The Homer City Council voted against allowing marijuana establishments to expand to the Homer Spit, the city’s Marine Commercial District. Including that district in the list of districts where marijuana establishments are allowed in Homer was suggested by the city’s Planning Advisory Commission and the Cannabis Advisory Commission, and was supported by the Port and Harbor Commission.
Skiers from all over the state descended on Homer for a one-of-a-kind cross-country ski race held on March 8. It was the Kachemak Bay Nordic Ski Marathon, but with a twist. Since there wasn’t enough snow at the Lookout Trails on Ohlson Mountain Road, the usual marathon location, organizers moved the race to the McNeil Canyon trail system. However, they also got special permission to have the race route go through Cook Inlet Region Inc. land, borough land and private property. This expanded the race’s three separate courses (42k, 25k and 13k) beyond the existing McNeil Canyon and Eveline trails and all the way up to Bald Mountain.
Haven House announced 2018’s women of distinction. Linda Chamberlain was Woman of Distinction, Daisy Lee Bitter Anderson was Woman of Wisdom, and Chloe Pleznac was Young Woman of Distinction.
Homer High School students brought a production of “West Side Story” back to Homer for the first time in 15 years when they performed it at the Mariner Theatre on March 23-25. Some of the student performers remarked on how some of the themes of the 1957 musical, like racism, were still very relevant in 2018.
Terry Kadel was promoted from assistant fire chief at the Homer Volunteer Fire Department to the head position. He was hired on in the wake of Chief Bob Painter retiring after leading the department for 17 years. Kadel came from Girdwood, where he had served as deputy chief since 2001.
A Nikolaevsk man was shot and killed by an Alaska State Trooper after he assaulted a different trooper during an altercation. Trooper Luke Kumfer had gone to Nikolai Yakunin’s house after a report that he was in contact with a woman there who he was not allowed to be in contact with per a court order. Yakunin attacked Kumfer and injured him “severely,” according to troopers. Sgt. Daniel Cox was the trooper who shot and killed Yakunin.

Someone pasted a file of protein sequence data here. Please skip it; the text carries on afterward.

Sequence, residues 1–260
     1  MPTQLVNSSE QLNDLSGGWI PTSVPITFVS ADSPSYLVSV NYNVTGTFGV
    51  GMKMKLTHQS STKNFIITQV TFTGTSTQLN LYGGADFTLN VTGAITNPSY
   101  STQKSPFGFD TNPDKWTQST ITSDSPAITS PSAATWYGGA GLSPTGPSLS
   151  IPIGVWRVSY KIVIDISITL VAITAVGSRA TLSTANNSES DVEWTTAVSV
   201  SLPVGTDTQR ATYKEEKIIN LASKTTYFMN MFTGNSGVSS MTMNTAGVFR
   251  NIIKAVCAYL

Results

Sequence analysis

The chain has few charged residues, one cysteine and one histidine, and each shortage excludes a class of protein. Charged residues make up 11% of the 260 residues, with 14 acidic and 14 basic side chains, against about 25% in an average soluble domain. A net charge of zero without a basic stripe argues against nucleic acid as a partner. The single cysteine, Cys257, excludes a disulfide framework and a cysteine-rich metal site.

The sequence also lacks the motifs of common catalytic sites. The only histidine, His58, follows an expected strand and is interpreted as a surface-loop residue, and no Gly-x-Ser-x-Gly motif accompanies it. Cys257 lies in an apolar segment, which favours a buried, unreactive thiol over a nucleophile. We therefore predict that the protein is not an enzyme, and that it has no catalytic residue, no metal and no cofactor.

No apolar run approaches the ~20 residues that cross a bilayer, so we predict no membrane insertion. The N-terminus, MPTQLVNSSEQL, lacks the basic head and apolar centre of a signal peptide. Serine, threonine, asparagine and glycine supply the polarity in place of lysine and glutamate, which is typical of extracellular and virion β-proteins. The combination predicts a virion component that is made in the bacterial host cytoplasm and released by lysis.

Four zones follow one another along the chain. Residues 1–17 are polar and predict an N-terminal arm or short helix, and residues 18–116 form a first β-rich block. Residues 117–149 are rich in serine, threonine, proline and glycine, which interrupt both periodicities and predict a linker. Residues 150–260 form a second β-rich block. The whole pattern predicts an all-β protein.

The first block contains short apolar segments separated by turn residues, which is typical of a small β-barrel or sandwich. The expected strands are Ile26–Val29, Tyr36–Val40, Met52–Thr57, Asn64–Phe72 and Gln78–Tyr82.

Denver Waclawski, then a senior at Homer High Schoool, won the annual Sea to Ski Triathlon in Homer. He finished the 5 kilometer run, the biking portion from West Homer Elementary to the Rogers Loop trailhead, and the final skiing leg in 1 hour, 5 minutes and 55 seconds. Josh Mumm, who claimed second place, crossed the finish line only 4 seconds after Waclawski.
More than 1,200 anglers hit the waters of Kachemak Bay on March 24 for the 2018 Winter King Salmon Tournament. Charlie Edwards won the top prize with his 24.60 pound fish caught aboard the Optimist. He walked away with $25,280 in winnings.
The Kenai Peninsula Borough Assembly decided to once again revisit the idea of moving the boundaries of both hospital service areas on the peninsula. Dale Bagley said the ordinance that was brought forward was meant to remedy a situation in which members of the South Peninsula Hospital Service Area were paying taxes to support that hospital, but were in actuality getting services at Central Peninsula Hospital.
Work began in April on repairing damage done to the Anchor River State Recreation Area parking lot by significant erosion. High tide cycles and heavy storms in September 2017 washed away 200 lineal feet of the parking lot. The repairs were funded by a $84,000 grant from the state, which was dedicated to repairing a 100-foot section of parking lot that had been damaged before the September 2017 events.